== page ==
|By Lori MacVittie||
|July 8, 2014 11:45 AM EDT||
One of the benefits of SDN is centralized control. That is, there is a single repository containing the known current state of the entire network. It is this centralization that enables intelligent application of new policies to govern and control the network - from new routes to user experience services like QoS. Because there is a single entity which has visibility into the state of the network as a whole, it can examine the topology at any given point and make determinations as to where this packet and that should be routed, how it is prioritized and even whether or not it is allowed to traverse the network.
It's a pretty powerful concept for networks, which traditionally distribute network state as individual configuration files across the data path.
Most of the focus of SDN is on the replacement of manual and scripted configuration methods with an API-driven mechanism. Whether that's OpenFlow or OpFlex or some other protocol is not really important as the benefit of operationalization is to provide a consistent interface from the perspective of the operator, not the device.
This is a real benefit; operationalization across operations and dev has proven to produce tangible benefits in the form of improved time to market and a reduction in errors. By centralizing network state in a controller, this model provides a comprehensive view of the network at any given moment. Because the controller is not just a repository but an active participant in the flow of data across the network, this visibility enables the controller to understand how to (ostensibly) non-disruptively change routes or apply new policies in real-time.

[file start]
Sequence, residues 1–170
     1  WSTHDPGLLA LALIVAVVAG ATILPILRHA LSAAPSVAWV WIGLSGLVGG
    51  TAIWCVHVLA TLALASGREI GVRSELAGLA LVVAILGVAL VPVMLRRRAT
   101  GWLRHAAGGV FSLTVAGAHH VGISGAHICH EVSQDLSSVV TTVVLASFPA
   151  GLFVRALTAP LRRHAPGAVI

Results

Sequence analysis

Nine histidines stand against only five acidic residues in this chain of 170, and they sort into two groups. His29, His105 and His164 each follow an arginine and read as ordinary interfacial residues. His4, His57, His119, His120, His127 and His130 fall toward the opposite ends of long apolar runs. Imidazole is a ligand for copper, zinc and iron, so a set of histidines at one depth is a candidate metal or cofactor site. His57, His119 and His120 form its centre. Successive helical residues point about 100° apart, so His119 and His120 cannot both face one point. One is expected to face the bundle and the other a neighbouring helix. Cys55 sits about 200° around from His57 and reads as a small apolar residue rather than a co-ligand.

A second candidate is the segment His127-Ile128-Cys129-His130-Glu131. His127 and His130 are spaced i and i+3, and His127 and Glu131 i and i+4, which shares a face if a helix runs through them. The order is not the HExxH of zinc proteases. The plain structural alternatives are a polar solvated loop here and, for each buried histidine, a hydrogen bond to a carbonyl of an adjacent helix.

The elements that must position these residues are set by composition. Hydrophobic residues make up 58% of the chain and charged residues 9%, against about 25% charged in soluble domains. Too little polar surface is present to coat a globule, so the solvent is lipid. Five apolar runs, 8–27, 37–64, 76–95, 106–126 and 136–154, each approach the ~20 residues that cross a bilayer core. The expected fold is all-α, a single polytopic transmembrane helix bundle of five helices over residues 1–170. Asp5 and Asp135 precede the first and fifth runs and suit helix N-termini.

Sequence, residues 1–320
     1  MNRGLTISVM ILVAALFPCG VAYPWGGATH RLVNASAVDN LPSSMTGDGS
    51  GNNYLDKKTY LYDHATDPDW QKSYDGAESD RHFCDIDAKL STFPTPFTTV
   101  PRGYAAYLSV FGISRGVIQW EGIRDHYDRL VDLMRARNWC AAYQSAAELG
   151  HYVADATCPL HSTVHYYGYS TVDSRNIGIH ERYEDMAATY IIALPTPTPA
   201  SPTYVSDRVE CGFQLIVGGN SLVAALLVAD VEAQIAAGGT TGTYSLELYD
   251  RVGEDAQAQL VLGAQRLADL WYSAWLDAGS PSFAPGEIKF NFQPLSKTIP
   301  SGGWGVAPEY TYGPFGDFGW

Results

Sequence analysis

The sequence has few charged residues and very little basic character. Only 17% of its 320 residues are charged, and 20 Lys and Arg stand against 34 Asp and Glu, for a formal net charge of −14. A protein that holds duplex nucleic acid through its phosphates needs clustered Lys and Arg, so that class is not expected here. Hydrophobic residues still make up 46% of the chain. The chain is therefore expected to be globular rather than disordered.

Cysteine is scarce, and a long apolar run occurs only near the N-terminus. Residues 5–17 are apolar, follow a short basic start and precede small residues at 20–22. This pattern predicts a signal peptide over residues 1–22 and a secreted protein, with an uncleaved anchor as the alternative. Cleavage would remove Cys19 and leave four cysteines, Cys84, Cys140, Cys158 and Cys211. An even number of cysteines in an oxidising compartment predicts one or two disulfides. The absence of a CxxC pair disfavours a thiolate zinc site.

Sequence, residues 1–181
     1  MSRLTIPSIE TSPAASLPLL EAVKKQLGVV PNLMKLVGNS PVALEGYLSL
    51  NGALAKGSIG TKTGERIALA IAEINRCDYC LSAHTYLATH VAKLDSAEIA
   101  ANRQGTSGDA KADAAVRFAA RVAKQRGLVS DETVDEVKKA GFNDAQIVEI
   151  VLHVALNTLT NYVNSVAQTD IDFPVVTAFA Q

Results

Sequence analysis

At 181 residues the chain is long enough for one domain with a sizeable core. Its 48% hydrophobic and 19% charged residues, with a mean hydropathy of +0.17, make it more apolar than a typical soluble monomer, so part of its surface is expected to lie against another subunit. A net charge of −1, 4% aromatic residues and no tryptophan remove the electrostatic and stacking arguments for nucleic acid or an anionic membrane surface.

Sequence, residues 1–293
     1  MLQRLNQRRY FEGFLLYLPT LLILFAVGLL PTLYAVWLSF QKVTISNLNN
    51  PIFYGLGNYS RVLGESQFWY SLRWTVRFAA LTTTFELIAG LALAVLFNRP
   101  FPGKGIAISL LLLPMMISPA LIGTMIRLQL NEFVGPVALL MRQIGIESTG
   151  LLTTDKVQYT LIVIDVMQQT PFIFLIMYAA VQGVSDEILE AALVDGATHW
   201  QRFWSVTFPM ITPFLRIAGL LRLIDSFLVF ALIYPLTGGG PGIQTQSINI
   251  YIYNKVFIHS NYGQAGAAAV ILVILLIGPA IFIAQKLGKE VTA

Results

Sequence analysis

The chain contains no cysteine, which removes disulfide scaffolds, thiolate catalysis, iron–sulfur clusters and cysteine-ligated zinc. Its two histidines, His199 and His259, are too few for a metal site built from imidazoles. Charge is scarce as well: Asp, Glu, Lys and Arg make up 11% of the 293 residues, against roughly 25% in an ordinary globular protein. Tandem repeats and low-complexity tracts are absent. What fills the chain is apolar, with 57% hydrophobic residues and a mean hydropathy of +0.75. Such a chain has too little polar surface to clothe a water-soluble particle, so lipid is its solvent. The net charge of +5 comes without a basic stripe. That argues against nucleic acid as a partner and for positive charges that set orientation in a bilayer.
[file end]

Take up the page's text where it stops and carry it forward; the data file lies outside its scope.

The benefit itself is not in question. What is in question is what happens when the controller of this new software-defined architecture becomes overwhelmed, and how to preserve that benefit when the centralized model must decentralize in order to scale.
The Eventually Consistent Problem Comes to the Network
Eventual consistency is nothing new. It has always been an issue when scaling applications, particularly those that rely on shared data. Consider Amazon, if you will. If you and I are both shopping for the same thing, and I order before you, it may take seconds or more before the database is updated. If you were in the middle of ordering at the same time, you and I may be contending for the same item. Because my order takes a moment or two to propagate through the system, your view of the database (the availability of the item) is inconsistent with mine.
It is assumed that eventually our views will be consistent, and that this age old unsolved problem of distributed computing simply must be accepted as unsolvable for now, Thus systems are designed with this principle in mind. Which means we end up back with Brewer's CAP Theorem staring us in the face and reminding us we can't be perfectly consistent in a distributed system, so we must deal with systems in such a way as to achieve eventually consistency.